Tattoos are a wearable form of artwork; often quite beautiful. But, as the old adage says, “Beauty is pain,” and many people are not ready to suffer the pain of going under the needle.
While tattooing is an industry that has been active for thousands of years, it is safe to say that it has come a long way since its initial entrance into human society. Ink has become better quality, styles have altered and grown over the years. Techniques have shifted, becoming less invasive, and the tattoo equipment has evolved substantially.
Compared to the early days of the original hand-tapped tattoos, the industry has minimized the pain substantially.
But, it’s not enough to entice some people…
In order to accommodate even those with the most minimal of pain tolerance, the industry turned to topical anesthetics.
A topical anesthetic is a localized anesthetic which is used to numb or dull the sensations of the surface of the body. They are easily obtainable, quick acting, and affordable—making them a favorite of tattoo collectors with a low pain tolerance. They generally contain an ingredient called lidocaine, a medication which has been used in the medical industry for decades.
Despite their popularity with clients, many tattooists frown upon the product. Some believe that part of tattooing is experiencing the pain and if you can’t handle it, you shouldn’t do it. Others believe that using a topical anesthetic can be dangerous, particularly on larger pieces, as the product isn’t very long-lasting and can wear off during a session—making the potential risk of the body going into shock higher.
Regardless of whether an artist approves of these products, the use of topical anesthetics in tattooing has risen in recent years. This is partly because of the number of tattoo-specific products on the market, but also because of the ease of access. Many tattoo parlors use anesthetic as an advertisement, to help entice wanna-be tattoo collectors into their shops.
If you’re interested in using a local anesthetic during your tattoo experience, it is important to understand which works best for your needs. As with everything these days, there is a varied assortment of options available on the market and each format comes with a different set of variables and benefits. As I will tell you with anything related to the tattoo industry, you should always do your own research first—but, to help you along in the process, I’ve compiled a list of the types of products currently available and their intended benefits.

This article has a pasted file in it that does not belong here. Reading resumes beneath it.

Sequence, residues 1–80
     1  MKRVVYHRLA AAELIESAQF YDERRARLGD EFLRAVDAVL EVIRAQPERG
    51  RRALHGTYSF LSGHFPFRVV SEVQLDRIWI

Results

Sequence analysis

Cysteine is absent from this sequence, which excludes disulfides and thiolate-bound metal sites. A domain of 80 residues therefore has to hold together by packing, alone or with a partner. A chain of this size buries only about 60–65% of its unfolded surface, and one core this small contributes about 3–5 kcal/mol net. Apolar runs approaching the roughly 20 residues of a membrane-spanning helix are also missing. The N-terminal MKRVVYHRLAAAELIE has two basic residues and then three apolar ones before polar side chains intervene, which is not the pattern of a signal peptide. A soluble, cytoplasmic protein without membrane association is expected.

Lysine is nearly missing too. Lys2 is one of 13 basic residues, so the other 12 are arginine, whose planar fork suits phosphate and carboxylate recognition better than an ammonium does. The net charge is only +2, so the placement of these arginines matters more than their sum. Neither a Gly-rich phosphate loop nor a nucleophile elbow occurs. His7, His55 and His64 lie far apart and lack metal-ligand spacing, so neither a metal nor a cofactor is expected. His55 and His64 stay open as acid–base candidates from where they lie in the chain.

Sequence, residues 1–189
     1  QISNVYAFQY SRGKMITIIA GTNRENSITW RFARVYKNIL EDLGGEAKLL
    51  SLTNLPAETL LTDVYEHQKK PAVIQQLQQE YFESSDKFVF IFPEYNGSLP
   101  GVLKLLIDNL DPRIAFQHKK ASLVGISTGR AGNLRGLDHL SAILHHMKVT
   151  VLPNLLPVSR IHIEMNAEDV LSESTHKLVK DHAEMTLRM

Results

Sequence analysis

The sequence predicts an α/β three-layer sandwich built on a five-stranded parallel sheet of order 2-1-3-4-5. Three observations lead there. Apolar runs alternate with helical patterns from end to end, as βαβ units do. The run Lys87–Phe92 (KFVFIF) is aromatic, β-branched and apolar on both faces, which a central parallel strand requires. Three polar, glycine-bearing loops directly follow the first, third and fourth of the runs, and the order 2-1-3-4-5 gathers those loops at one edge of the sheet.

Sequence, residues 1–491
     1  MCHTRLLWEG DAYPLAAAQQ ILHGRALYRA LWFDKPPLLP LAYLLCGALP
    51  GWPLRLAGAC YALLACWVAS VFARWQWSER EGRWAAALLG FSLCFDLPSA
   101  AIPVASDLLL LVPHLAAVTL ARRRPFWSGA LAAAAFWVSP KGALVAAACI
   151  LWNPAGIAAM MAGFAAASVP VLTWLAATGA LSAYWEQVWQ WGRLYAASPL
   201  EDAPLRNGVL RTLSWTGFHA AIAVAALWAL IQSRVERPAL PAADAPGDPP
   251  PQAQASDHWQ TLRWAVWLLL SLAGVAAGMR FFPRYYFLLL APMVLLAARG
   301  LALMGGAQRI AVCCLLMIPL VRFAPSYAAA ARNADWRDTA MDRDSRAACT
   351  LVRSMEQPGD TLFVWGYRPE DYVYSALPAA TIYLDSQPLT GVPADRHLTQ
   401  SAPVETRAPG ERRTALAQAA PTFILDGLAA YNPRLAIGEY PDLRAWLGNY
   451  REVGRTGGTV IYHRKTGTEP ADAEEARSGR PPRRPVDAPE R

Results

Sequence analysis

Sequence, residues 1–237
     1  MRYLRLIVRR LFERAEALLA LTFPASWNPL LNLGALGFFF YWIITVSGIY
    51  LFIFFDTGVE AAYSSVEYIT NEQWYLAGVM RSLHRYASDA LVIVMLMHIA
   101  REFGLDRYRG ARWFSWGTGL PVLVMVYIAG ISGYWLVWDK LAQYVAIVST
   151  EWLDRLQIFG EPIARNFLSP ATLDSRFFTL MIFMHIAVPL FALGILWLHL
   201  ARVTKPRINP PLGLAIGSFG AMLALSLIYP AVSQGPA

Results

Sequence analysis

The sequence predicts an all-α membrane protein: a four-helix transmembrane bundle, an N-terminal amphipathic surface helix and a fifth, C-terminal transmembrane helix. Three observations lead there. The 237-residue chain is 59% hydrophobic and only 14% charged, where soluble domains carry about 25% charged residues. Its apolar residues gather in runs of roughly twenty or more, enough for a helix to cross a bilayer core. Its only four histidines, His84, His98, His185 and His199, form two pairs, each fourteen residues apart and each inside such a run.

Anesthetic gels can best be described as a gelatin-like substance, often resembling a jelly of sort. Gels can potentially penetrate further than many other formats, due to their consistency; however, this can take some time. It is best to apply these at least an hour prior to your tattoo session. An anesthetic gel often tends to have an efficiency of approximately two hours.
An anesthetic cream is similar in substance to products like Benadryl cream or Neosporin. They are essentially a semisolid material—being applied in a solid-like format, but able to be rubbed in and absorbed by the skin. Comparable to anesthetic gel in operation, a cream will temporarily block the pain felt by the body in the area of application. Like a gel, this product should be applied in advance as it does have to absorbed by the body in order to work properly.
A spray works much faster than a gel or cream, as it directly applies lidocaine to the skin through a liquid format. Usually, in drops or mists, a spray can be applied directly prior to beginning the process of tattooing or used intermittently during the process after the effects of a gel or cream have worn off.
Pain Relieving Ointments
These work similar to a cream and/or a gel, however, are used after the application of the tattoo to help numb the pain and soreness that can sometimes be associated with the process. Most artists won’t suggest these products, though, as they can sometimes numb the beginning signs of an infection. While there are some products on the market which are targeted specifically for after-tattoo use, utilizing an over-the-counter general pain-relieving ointment can run you the risk of ruining your fresh ink as some of these products contain petroleum-based ingredients.
When you are considering using one of these products in your tattoo process—whether before or after application—there are a few factors you need to consider. A topical anesthetic, regardless of availability, is a medication and, with all medications, should be approved by your doctor prior to use. Products containing Lidocaine are generally not recommended for people with allergies to corn or corn-related products, individuals with Adams-Stokes syndrome or Wolff-Parkinson-White syndrome, those with severe sinoatrial block, heart block, and more. Always consult your doctor prior to use if you have any medical conditions or allergies at all.